Looming Recession and your Google Adwords Campaign

What will the UK’s looming recession mean for your Google Adwords campaign?

Tough times lie ahead. We know this. You know this. So you cannot afford to waste cash on AdWords campaigns that don’t deliver. Follow the steps below and we guarantee your AdWords budget will remain both vital to business growth and a bulwark against recession.

It’s easy to take for granted the high quality traffic and conversions that a well-optimised Google Adwords campaign delivers. But now is the time to focus on what action may be required to protect your position as the UK lurches into the tough times which undoubtedly lie ahead during the second half of 2022.

We’ve analysed a selection of the many campaigns that we manage for our clients across a variety of sectors and already we can see a preview of what’s in store in many verticals. 

Our thoughts may help you to better prepare for what could be a bloodbath. Act early and you should be able to mitigate the outcome. Act when the going gets tough and you’ll be in an almighty scrap that will see bid prices escalating and conversions reducing. Do nothing or act too late and you’ll never recover as the cost per click nears and exceeds the true value of that website visit.

Where do you stand?

It’s crucial at the outset to know how well optimised your Adwords campaigns really are. The less solid you are now, the more work you’ll need to do to bolster your defences. Do nothing and you’ll find your cost per click escalating dramatically, in turn delivering fewer visitors of lower value to your site as your budget is used more quickly. Increasing your budget won’t help either as the smart cookies are paying more for the keywords which really work, leaving you to pay over the odds for the scraps and phrases of marginal value.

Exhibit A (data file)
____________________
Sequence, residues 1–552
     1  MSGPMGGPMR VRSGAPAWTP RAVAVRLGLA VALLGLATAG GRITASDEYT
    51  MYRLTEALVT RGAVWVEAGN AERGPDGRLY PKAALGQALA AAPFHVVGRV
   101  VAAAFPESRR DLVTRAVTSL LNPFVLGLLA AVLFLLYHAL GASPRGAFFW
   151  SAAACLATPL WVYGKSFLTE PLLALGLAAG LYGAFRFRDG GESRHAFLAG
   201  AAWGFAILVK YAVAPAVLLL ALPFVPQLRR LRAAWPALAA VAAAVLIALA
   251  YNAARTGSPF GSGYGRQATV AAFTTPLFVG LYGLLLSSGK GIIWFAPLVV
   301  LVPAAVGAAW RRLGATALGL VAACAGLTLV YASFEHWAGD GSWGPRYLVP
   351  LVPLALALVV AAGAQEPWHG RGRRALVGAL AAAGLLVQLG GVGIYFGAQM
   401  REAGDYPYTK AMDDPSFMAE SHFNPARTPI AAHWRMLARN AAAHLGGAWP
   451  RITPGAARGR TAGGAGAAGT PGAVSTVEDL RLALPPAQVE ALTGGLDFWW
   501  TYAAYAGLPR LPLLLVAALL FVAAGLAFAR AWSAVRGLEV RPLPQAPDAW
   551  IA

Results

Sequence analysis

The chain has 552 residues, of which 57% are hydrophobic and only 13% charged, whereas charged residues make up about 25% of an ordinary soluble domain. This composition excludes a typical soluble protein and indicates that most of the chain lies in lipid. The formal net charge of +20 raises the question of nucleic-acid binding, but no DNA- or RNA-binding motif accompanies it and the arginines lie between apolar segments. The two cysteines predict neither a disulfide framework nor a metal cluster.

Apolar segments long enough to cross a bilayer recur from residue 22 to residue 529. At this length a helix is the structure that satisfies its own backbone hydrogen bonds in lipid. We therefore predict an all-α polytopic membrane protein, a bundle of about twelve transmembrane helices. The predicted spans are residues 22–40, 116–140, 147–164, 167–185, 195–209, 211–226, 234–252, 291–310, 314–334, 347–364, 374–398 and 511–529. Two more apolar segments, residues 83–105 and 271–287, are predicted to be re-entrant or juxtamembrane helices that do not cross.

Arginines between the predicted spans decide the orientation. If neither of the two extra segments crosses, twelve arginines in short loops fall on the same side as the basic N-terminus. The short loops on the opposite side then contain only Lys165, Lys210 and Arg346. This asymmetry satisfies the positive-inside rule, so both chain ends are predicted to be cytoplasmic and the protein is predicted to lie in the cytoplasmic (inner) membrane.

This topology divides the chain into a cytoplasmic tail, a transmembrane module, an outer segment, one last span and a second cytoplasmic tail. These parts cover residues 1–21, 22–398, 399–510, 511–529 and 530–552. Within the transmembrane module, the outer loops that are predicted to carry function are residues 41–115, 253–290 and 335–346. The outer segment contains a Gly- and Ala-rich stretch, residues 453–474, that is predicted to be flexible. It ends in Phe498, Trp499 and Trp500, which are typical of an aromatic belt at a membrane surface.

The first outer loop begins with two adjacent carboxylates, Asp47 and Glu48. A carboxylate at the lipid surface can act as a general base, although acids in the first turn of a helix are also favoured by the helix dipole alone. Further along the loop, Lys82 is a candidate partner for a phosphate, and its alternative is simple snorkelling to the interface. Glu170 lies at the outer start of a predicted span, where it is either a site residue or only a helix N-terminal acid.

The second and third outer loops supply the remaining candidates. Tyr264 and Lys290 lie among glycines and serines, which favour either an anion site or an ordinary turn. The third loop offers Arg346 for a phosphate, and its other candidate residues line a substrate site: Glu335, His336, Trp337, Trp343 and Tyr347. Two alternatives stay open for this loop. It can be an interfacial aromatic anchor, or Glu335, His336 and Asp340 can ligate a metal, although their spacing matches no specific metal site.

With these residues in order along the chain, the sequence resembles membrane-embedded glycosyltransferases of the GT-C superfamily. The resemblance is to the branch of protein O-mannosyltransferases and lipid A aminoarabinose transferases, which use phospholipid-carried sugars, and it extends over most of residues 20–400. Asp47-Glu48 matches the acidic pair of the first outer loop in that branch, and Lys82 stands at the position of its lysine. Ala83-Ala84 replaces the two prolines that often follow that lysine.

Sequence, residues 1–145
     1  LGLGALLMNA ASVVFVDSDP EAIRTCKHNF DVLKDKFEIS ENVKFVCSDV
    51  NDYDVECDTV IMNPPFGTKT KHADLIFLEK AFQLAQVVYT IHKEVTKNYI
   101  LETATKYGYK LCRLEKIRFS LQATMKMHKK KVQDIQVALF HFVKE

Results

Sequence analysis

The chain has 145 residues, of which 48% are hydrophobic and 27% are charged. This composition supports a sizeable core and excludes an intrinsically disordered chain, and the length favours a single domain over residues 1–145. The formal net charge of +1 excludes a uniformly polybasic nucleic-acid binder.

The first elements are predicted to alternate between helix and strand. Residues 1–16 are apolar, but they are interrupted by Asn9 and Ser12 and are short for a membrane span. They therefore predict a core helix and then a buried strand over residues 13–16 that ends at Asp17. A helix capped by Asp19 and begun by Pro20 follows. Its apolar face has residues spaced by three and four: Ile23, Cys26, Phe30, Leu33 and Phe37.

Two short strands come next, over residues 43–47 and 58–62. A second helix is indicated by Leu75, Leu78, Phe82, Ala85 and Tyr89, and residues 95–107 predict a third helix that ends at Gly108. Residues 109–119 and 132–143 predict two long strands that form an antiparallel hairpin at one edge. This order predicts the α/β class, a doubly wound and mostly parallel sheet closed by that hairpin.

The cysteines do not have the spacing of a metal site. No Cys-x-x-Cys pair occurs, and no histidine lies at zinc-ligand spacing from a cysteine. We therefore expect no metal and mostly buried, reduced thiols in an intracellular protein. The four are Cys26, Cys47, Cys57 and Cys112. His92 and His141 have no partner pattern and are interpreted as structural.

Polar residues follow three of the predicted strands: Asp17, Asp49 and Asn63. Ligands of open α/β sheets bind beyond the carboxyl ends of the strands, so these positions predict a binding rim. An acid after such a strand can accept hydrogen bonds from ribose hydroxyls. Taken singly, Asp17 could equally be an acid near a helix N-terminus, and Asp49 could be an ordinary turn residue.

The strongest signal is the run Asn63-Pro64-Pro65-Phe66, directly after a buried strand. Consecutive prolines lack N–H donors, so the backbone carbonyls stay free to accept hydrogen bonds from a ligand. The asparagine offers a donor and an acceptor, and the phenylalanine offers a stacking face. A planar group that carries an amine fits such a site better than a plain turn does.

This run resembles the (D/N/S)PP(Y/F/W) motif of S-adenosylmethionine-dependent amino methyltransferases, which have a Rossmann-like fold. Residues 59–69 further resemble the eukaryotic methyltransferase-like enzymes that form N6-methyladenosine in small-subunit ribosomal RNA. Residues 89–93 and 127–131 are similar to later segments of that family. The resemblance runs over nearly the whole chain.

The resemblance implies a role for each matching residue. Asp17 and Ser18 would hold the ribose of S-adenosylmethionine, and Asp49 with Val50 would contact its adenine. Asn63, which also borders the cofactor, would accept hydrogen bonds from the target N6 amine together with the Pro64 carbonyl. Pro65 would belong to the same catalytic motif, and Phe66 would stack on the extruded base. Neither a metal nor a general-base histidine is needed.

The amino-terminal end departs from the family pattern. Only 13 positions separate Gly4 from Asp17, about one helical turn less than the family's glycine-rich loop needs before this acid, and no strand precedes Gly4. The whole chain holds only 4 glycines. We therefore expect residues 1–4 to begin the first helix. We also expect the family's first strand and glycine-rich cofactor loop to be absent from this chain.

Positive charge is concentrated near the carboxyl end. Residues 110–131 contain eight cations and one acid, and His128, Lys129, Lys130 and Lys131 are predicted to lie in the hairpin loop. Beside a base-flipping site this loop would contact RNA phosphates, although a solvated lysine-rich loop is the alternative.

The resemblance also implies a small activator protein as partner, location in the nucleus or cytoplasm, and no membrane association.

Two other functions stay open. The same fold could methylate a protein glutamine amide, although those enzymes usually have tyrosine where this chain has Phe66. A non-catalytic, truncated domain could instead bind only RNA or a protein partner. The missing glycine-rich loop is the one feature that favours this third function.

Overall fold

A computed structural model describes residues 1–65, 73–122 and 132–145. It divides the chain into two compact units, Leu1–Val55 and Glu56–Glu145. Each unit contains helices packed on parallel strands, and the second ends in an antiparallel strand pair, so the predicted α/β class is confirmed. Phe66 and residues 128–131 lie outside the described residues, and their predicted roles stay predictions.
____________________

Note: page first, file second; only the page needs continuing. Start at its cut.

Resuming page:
Here are a few barometer measurements to guide you in terms of how well optimised you are. If you have a professional management solution in place then they should be able to answer these questions which will act as a guide.

1. What is my overall Google Ads Optimisation Score?

Optimisation Score puts a figure on how well your Google Ads account is set to perform. Scores run from 0–100%, with 100% and it is an important metric to illustrate how secure you are for when the going gets tough. 80% or above is considered acceptable. Below 70% and somebody isn’t doing their job! You can see the overall quality score at campaign level within Adwords.

Adwords Optimisation Score

2. What is my overall Quality Score

Quality Score reflects how relevant your keyword, your advert creative and your website landing page are to a user’s search query. You are rewarded for creating a more positive user experience which is indicated by a higher Quality Score. It’s a really important metric and one which is often overlooked. You can find out all about Quality Score on the relevant Google Help page.

You can see your quality scores by navigating the Keywords page in your Adwords account. You may need to add the relevant column in order to view the data.